Take the 2-minute tour ×
Stack Overflow is a question and answer site for professional and enthusiast programmers. It's 100% free.

I have a many-to-many relationship defined between two entities using an association table and cascade="save-update".

Entity1 contains a list of Entity2, and conversely, Entity2 contains a list of Entity1. The SQL outputted from this worflow seems ok...

  1. Create an Entity1 and Entity2 object
  2. Add Entity2 to the List on Entity1
  3. Call session.Save on Entity1

-> Insert statements are run for both entities and then a record inserted into the association table linking them together.

However, if I first call session.Save on Entity2, add it to the List, then call session.Save on Entity1 there is an additional UPDATE statement run which sets all of Entity2's values to exactly the same as what was inserted at the start.

Although not causing any issues, it is an additional query reduce performance. I've played with the inverse attribute but this doesn't eliminate the extra update statement. Currently both sides have inverse="false" as I want the association table updated no matter which entity is saved.

Any ideas?

share|improve this question

2 Answers 2

From the docs: inverse (optional - defaults to false): If enabled, Hibernate will not try to insert or update the properties defined by this join.

My suggestion: In some cases to prevent additional updates with 2-way joins BOTH collections may need to be updated:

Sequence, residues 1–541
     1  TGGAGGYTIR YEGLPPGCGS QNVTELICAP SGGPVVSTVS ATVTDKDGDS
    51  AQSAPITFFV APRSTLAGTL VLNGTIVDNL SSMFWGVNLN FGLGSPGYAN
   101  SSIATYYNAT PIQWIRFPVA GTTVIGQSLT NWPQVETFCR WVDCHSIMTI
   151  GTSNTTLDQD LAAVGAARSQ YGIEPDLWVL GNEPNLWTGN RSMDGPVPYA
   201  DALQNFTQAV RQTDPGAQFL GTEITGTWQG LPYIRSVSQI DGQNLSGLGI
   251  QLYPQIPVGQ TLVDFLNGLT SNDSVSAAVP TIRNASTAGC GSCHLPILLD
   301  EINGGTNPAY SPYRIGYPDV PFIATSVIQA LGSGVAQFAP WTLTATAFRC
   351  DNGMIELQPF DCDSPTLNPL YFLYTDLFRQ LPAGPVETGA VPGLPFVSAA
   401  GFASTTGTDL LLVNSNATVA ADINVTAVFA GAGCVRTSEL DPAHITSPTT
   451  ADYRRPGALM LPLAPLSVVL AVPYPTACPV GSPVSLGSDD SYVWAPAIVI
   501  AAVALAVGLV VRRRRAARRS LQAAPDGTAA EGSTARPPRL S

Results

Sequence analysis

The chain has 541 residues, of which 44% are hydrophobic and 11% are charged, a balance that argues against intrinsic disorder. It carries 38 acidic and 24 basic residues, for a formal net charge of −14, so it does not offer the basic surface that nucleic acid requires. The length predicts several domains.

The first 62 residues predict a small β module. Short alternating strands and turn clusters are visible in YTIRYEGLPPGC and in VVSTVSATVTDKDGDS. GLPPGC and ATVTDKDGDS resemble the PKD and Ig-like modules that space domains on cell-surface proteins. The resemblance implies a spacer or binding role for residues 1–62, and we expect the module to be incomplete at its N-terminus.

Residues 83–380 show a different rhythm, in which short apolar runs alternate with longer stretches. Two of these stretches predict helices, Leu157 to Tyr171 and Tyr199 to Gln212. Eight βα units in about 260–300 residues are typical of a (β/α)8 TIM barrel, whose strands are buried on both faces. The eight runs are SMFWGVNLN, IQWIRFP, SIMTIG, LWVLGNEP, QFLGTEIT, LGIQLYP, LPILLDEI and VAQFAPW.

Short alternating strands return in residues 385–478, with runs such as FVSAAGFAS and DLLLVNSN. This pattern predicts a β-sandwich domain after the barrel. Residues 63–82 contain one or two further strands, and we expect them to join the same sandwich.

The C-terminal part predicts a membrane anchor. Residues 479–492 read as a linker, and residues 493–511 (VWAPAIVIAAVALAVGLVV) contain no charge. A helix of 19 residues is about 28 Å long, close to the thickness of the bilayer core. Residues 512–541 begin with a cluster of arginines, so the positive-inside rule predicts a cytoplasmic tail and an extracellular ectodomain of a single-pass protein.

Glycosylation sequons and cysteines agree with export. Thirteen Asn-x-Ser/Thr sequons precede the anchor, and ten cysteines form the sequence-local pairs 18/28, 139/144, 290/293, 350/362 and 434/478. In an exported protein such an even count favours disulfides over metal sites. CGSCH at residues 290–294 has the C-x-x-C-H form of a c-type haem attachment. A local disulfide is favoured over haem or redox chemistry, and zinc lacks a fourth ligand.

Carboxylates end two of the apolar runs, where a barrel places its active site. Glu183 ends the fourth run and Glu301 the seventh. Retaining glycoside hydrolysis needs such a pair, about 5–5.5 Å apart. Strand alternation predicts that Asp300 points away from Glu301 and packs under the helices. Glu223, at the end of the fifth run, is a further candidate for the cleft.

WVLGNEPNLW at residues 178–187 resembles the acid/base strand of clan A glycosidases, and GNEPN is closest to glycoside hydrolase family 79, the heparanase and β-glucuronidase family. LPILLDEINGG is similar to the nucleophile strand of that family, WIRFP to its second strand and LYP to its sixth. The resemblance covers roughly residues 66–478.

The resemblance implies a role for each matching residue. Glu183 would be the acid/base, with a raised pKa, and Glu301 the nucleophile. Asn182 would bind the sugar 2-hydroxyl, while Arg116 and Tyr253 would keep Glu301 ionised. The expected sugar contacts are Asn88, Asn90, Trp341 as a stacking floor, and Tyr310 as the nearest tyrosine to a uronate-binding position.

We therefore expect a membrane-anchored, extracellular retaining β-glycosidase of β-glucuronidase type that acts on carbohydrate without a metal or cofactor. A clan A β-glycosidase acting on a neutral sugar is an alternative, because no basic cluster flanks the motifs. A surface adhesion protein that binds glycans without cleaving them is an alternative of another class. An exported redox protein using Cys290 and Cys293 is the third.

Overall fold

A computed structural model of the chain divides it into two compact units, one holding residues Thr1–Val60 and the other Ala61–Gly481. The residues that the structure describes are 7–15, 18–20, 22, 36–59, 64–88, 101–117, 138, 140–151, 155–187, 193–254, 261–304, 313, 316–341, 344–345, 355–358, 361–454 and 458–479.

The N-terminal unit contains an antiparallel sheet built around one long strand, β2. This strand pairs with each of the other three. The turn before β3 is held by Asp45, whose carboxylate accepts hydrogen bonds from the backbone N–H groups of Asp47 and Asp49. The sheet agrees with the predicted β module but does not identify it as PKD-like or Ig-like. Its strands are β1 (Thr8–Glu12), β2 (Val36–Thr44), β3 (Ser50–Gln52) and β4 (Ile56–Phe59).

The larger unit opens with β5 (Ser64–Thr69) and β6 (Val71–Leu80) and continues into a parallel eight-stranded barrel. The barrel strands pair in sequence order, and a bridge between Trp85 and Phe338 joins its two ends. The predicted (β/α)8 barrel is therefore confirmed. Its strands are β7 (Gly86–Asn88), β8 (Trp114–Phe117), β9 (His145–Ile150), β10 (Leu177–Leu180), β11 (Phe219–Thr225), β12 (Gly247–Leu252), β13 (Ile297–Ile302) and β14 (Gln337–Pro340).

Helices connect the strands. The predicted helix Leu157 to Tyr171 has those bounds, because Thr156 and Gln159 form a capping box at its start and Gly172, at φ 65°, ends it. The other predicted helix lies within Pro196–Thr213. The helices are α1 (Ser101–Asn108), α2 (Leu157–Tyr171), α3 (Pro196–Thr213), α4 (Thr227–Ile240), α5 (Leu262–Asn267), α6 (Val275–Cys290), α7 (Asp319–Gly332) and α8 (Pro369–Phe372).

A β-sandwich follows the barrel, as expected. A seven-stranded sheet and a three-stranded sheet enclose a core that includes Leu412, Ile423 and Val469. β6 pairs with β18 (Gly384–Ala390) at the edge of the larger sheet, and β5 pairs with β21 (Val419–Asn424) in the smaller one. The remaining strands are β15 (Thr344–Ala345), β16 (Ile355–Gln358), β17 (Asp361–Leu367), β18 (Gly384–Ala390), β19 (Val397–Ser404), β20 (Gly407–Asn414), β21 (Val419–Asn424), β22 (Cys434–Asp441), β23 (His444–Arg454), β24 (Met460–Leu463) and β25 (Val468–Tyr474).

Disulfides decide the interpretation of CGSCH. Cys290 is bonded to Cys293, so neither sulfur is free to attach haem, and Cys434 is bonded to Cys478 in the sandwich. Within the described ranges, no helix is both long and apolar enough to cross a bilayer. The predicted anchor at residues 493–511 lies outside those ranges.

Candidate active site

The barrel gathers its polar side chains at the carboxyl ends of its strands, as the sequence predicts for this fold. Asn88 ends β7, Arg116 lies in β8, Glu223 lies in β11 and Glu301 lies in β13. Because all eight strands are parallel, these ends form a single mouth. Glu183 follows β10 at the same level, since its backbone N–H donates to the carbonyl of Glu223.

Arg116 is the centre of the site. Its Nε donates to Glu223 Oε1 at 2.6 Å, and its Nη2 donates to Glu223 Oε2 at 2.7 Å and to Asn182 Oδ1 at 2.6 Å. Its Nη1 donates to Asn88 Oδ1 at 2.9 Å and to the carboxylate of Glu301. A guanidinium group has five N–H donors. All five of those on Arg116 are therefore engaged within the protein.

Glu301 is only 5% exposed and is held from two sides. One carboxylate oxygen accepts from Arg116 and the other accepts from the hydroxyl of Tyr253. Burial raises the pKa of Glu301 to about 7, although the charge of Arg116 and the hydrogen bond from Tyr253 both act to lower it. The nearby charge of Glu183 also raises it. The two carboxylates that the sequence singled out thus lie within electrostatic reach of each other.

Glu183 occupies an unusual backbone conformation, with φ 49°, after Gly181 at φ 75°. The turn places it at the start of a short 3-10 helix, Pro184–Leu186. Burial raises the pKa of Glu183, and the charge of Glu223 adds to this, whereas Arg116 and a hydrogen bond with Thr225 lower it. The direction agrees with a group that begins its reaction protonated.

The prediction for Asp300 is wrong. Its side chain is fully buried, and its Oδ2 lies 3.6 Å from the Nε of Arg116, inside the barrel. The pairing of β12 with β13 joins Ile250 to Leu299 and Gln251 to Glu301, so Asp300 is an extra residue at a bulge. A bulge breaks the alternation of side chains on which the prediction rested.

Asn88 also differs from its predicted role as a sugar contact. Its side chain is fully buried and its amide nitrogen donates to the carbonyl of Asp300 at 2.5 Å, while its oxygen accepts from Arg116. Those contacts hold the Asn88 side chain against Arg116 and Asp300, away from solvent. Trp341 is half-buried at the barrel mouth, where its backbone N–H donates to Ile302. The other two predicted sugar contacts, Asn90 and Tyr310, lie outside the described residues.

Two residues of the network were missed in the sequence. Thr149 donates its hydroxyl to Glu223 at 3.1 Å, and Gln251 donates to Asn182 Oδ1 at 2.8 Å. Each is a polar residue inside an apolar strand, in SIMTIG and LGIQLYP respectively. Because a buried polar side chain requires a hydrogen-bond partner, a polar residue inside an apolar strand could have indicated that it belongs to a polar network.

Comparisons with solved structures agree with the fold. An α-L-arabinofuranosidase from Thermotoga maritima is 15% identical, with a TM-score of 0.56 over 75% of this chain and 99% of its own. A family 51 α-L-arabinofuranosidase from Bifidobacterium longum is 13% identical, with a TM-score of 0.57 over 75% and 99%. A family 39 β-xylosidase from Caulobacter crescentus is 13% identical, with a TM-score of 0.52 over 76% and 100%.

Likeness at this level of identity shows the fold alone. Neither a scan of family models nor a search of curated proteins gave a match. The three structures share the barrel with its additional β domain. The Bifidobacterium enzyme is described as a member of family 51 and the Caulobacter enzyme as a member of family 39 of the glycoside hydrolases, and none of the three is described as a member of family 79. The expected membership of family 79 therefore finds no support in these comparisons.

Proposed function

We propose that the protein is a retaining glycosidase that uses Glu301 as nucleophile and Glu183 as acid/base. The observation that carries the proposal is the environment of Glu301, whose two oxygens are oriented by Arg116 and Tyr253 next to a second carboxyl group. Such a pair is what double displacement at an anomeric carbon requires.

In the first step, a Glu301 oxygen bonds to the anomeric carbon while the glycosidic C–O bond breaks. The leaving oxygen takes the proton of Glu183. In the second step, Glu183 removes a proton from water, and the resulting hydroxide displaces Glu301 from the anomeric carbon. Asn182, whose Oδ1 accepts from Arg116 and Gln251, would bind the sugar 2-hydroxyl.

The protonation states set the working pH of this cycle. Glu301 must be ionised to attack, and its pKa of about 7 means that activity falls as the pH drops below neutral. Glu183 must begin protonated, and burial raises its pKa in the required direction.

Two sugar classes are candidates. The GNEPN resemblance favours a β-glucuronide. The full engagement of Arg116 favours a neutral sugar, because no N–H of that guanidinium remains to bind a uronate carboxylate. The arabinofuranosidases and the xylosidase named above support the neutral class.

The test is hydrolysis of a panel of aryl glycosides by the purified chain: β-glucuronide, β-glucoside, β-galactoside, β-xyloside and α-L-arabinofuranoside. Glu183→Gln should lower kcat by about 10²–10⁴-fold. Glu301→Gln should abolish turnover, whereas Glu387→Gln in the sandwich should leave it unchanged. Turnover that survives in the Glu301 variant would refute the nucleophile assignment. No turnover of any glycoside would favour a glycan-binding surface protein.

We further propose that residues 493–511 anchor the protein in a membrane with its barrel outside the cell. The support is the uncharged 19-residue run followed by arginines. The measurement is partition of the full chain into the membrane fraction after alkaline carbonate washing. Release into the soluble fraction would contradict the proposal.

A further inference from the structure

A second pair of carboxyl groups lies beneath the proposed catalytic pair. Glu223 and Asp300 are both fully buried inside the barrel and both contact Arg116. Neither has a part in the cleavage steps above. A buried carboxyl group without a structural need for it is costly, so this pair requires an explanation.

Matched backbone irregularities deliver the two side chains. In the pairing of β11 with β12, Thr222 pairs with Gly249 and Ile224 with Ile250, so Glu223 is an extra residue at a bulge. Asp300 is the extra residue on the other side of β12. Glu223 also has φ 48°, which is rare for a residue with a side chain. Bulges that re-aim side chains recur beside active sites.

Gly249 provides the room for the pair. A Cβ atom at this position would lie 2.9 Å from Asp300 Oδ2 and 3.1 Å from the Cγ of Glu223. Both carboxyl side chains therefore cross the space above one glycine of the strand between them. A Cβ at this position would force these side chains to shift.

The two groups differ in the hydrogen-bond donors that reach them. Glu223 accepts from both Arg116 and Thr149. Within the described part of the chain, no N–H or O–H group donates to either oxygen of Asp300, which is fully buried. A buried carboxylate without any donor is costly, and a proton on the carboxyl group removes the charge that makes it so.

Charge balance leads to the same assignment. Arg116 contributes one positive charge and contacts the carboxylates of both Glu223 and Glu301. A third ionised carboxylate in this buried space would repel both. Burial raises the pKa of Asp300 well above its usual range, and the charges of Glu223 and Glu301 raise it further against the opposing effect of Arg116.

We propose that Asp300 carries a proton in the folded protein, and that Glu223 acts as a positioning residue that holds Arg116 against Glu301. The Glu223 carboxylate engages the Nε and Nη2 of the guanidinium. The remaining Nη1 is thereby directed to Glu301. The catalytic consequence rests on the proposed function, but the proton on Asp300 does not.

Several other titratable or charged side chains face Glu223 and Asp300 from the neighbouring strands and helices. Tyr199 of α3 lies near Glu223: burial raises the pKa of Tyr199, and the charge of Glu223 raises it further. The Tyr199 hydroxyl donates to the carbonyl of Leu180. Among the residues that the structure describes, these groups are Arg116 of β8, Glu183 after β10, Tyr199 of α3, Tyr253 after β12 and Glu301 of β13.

Contact c;
Address a;    

You are probably getting the additional Update statement because both sides have inverse=false and the first entity's relationship list was saved empty. NH is only doing what it thinks it needs to in order to get all relationships updated.

share|improve this answer
up vote 0 down vote accepted

Thanks for the response but I believe I've found the problem. I had a repository class for each type of entity which implemented the CRUD operations. Each CRUD operation started it's own session/transaction, called Save/Update/etc then closed the transaction/session.

If I call the session.Save for Entity2 then session.Save for Entity1 (which contains the list of Entity2) NH seems to know that it has already persisted Entity2 in the session and hence doesn't try to update the record.

On the other hand, if I call session.Save for Entity2 then session.Save for Entity1 in a separate session/transaction it wants to update Entity2 again. I'm new to NH so not sure how it tracks which objects require updating, but it must reset between sessions?

Kinda makes my nice DDD repositories a little less useful though! Maybe the repositories should use a singleton session or something similar to avoid this problem?

Thanks, John

share|improve this answer
just remember that a session is not threadsafe. I think most people use 'Session-per-request' in aspnet or 'session-per-thread' in apps –  Brendan Kowitz Jul 21 '09 at 6:23
Yes, looking at other examples on the web I should probably implement a 'unit of work' construct to manage the session which can be instantiated on opening a form (rich client app in my case) and closed (disposing the session) when the form is disposed. –  John Jul 22 '09 at 0:05

Your Answer


By posting your answer, you agree to the privacy policy and terms of service.

Not the answer you're looking for? Browse other questions tagged or ask your own question.